I have said, the Scriptures at Mass for today give God’s complaint against the People of God. ‘I am sending you to that bunch of rebels’.
But there is another side to the story, for, as you know, the Scriptures also give us the complaints of God’s People against God.
What about these poignant words from the Psalms? : ‘Wake up, O Lord, Why are you asleep?
Awake! Do not abandon us for good.
Why do you hide your face,
and forget we are wretched and exploited?’ (Psalm 44, 23-24
We can all echo the words of R. S. Thomas as he speaks of
‘prayers like gravel
Flung at the sky’s
Window, hoping to attract the loved one’s attention’.
In that same poem about a priest at prayer, he writes
Through my locked fingers
I thought that I detected
The movement of a curtain.’
Is there anyone behind the curtain?
If we are assailed by doubts, we are in good company. St. Therésè, whose relics are coming to Britain in the autumn, wrote these striking words:
‘I get tired of the darkness all around me, and try to refresh my jaded spirits with the thoughts of that bright country where my hopes lie. Yet what happens? It is a worse torment than ever: the darkness seems to borrow ….. the gift of speech.
I hear its mocking accents: ‘It’s all a dream, this talk of a heavenly country....and of a God who made it all. Death will make nonsense of your hopes; it will only mean a night darker than ever, the night of mere non-existence.’
There it is – the struggle between despair and hope, lived out in a woman who was plunged into the experience of Jesus on the cross.
And in him lies the victory – the struggle is resolved on Calvary, for the cry of a seemingly abandoned humanity and the disappointed frustration of spurned God were reconciled by Jesus when his cry of: ‘My God, my God, why have you forsaken me?’ was taken up into his moment of triumph – ‘Father, Into your hands I commit my spirit – it is completed!’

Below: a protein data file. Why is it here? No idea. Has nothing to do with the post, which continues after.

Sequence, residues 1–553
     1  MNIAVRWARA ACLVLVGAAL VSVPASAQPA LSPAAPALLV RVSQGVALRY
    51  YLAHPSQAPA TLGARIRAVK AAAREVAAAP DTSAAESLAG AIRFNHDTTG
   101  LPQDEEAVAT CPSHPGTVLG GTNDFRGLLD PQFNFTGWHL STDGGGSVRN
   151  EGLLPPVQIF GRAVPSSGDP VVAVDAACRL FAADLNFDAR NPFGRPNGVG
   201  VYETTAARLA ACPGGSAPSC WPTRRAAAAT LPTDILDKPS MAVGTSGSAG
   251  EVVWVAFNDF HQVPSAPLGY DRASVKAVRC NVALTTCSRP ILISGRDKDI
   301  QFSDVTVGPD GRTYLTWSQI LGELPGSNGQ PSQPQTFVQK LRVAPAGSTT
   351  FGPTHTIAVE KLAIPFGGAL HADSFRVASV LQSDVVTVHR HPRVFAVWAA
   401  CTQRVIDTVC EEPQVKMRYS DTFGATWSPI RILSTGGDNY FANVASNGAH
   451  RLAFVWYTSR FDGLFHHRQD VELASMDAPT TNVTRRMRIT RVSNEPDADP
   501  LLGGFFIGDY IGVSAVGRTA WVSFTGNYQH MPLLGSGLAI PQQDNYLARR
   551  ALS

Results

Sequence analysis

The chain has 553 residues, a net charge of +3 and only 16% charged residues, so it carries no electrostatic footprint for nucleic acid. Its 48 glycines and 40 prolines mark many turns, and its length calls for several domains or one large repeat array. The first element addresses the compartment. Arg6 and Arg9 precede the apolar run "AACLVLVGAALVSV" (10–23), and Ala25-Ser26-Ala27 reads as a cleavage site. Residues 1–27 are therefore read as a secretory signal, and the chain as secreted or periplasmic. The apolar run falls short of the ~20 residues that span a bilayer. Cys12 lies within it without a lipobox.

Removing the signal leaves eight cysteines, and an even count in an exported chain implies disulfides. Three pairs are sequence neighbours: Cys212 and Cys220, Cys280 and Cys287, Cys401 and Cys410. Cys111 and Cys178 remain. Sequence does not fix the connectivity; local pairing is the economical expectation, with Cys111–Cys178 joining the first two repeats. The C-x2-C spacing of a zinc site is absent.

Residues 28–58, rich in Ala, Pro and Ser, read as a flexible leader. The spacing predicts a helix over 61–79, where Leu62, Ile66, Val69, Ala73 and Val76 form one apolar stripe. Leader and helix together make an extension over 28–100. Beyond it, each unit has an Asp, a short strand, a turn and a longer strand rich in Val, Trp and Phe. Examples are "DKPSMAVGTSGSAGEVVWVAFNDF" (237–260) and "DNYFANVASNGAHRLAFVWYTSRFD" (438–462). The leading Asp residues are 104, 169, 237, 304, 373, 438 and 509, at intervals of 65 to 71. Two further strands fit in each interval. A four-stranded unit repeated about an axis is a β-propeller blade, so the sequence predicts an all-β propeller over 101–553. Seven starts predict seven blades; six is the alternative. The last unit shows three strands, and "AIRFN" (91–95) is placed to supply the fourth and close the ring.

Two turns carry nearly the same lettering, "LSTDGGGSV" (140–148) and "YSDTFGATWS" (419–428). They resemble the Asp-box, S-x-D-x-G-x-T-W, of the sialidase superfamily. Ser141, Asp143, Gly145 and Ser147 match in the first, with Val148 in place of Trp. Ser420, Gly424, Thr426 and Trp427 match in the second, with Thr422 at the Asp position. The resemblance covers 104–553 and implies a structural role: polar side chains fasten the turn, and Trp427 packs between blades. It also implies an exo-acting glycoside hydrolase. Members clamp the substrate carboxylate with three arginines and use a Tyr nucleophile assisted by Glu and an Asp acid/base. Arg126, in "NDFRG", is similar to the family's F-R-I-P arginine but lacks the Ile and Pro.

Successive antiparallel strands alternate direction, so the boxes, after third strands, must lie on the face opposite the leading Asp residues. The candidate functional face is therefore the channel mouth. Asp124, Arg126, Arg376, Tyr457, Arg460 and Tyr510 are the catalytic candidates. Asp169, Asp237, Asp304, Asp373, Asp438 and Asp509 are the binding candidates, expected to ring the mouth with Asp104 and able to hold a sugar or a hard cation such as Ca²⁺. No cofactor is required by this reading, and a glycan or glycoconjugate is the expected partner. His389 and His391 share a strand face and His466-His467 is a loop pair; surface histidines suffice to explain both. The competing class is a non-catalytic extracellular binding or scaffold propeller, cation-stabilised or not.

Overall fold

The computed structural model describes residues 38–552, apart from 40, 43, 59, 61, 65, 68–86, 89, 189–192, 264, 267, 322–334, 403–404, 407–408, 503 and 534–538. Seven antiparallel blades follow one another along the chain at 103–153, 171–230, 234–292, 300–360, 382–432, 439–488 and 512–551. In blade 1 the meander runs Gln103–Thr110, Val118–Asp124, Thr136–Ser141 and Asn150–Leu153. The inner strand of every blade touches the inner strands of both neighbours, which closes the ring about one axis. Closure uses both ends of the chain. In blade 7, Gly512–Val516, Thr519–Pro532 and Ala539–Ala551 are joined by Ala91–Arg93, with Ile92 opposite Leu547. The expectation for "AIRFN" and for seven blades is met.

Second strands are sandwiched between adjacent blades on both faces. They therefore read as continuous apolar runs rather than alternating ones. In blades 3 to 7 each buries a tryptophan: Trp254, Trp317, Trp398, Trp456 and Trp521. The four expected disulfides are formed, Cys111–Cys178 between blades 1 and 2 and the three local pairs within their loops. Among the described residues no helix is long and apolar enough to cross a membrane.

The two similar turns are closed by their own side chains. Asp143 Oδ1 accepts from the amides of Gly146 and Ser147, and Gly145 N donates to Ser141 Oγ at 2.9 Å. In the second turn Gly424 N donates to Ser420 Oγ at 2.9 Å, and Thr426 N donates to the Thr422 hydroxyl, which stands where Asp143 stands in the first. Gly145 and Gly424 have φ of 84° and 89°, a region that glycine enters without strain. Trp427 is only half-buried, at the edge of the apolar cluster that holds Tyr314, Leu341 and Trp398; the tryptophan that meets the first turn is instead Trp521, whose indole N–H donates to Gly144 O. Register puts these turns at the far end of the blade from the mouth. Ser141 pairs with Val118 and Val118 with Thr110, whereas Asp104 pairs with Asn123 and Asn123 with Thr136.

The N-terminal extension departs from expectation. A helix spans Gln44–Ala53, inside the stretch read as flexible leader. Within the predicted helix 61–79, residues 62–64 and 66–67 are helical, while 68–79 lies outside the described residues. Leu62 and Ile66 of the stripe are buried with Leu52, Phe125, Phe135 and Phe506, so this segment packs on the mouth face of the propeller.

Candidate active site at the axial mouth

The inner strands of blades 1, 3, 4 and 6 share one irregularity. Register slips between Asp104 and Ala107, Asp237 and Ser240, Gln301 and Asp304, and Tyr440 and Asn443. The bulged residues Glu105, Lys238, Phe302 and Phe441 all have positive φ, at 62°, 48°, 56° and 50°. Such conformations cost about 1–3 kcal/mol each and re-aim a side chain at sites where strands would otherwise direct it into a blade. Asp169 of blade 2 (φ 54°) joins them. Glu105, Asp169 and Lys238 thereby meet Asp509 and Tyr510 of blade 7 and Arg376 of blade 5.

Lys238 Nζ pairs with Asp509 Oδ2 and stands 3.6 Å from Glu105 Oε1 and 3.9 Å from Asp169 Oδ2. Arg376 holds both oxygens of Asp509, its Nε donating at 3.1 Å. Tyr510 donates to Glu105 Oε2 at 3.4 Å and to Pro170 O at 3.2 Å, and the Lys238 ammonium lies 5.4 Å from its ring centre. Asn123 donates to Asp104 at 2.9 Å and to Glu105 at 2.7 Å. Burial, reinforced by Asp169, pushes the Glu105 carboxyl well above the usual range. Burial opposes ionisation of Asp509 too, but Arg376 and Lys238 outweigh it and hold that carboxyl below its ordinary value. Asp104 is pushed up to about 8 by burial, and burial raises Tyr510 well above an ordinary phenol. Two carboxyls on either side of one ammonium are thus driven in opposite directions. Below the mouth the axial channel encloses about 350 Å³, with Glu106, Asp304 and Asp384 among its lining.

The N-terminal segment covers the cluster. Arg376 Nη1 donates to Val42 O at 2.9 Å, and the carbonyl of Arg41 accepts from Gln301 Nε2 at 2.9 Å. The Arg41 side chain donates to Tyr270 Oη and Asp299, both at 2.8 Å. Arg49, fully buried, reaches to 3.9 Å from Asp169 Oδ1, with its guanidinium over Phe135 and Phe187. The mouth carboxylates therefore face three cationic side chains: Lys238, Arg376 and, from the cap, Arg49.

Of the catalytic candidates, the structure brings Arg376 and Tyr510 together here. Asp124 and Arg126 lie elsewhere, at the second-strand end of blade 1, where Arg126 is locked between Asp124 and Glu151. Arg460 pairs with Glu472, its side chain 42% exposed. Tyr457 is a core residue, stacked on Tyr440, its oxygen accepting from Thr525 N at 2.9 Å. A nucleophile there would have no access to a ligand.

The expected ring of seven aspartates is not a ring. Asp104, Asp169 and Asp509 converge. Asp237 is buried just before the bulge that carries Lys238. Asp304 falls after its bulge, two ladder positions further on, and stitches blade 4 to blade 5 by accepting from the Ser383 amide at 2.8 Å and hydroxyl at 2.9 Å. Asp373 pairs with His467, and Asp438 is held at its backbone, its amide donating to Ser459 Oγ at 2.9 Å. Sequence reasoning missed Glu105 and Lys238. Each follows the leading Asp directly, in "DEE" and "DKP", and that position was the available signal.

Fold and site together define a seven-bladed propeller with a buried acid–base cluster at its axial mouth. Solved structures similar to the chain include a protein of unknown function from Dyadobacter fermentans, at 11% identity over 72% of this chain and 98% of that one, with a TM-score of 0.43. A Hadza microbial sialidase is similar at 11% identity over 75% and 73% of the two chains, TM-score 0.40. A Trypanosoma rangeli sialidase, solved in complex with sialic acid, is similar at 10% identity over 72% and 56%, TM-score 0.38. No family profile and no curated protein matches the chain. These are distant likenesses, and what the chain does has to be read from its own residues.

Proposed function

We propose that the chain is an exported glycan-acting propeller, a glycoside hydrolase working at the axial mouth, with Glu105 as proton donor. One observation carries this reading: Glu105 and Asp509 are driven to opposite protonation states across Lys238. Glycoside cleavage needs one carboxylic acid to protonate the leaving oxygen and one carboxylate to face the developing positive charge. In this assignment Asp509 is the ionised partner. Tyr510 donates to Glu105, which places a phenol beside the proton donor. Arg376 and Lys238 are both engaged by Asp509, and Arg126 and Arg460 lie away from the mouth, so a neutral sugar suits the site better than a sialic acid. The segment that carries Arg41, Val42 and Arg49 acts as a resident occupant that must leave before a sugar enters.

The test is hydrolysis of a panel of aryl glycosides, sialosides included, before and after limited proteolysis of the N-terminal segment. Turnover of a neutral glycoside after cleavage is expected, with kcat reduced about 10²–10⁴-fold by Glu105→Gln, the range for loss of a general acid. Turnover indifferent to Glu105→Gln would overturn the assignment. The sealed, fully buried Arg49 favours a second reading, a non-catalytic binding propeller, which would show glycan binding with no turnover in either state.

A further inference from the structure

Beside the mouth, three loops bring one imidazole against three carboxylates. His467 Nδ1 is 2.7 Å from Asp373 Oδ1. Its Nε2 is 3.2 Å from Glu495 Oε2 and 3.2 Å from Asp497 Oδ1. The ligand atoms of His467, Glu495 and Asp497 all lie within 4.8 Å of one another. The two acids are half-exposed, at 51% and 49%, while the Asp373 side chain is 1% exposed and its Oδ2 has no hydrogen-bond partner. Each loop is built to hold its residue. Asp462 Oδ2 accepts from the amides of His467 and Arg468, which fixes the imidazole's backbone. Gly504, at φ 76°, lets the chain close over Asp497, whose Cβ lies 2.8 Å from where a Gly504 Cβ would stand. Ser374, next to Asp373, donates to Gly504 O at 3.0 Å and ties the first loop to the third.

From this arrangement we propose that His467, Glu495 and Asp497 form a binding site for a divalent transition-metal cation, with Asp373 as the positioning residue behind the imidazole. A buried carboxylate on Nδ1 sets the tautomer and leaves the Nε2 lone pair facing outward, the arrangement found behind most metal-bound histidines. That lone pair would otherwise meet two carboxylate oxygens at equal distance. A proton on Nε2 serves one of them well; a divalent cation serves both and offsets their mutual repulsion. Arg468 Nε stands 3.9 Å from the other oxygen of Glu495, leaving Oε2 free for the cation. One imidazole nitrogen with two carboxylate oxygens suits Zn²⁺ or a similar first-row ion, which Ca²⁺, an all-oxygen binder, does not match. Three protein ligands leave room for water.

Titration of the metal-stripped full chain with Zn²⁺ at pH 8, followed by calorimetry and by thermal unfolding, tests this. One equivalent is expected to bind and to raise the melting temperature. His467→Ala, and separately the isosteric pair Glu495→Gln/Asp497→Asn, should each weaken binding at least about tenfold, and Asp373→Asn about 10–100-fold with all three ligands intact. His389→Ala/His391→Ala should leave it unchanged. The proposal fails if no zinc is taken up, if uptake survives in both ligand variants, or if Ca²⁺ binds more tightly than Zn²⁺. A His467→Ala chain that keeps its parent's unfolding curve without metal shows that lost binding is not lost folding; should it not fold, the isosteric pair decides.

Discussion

His Spirit is the Father’s gift to us -and at certain Tabor moments of our lives, the curtain, or veil, becomes very thin - we can rejoice and say, ‘Yes! God is!’ The curtain is torn open, giving us courage for when all seems empty and meaningless.
I pray that this celebration today will be one of those moments for us all.
I do not know what the weather is like in your life at the moment – are the skies sunny, or is it dark cloud and mist – or a mixture of sunshine and showers?
But I do pray that this Golden Jubilee of mine will pull back the curtain for you so that God’s golden love for you will come streaming through.
I can echo St. Paul at least to the extent that I am very happy that in spite of my weaknesses, God’s grace, Our Lady’s prayers, and your support, have kept me safe for 50 years as a Catholic priest and bishop, a witness in this land of Wales to the other land that beckons us all.
The priest is called to witness to those realities in season and out of season.
And so I conclude, in this Year of Priesthood, by turning to the Holy Father, Pope Benedict.
Last year, at the Mass of the Chrism, Pope Benedict emphasised the glory of the Catholic priesthood by referring to the 2nd Eucharistic prayer, which was formed by the end of the 2nd century. He focuses on the words, ‘We thank you for counting us worthy to stand in your presence and serve you.’ – ‘Gan ddiolch i ti am weld yn dda ein galw ni a’n derbyn i sefyll yn weision ger dy fron.’
To stand in God’s presence, - this means more than standing at the altar in the sanctuary, it means standing vigilant for the things of God in the arena of the world.
The priest, to quote the Holy Father, ‘must keep the world awake for God. He must be the one who remains standing upright: upright before the trends of time. Upright in truth; upright in the commitment for good. Being before the Lord must always include, in its depths, responsibility for humanity to the Lord, who in his turn, takes on the burden of us all to the Father.’
This in turn demands that we should know the Lord in a deeply personal way.
Again, I trust that these celebrations will help us to do that, so that the Lord will not be amazed at our lack of faith, but will rejoice in us as a people fit to be offered by him to the Father.At this time, fifty years ago, we were flying back to Wales from Dublin. For me, it was the start of a great journey, still continuing – please God I will continue to serve God in you until the end. Please pray for me, as I will for you.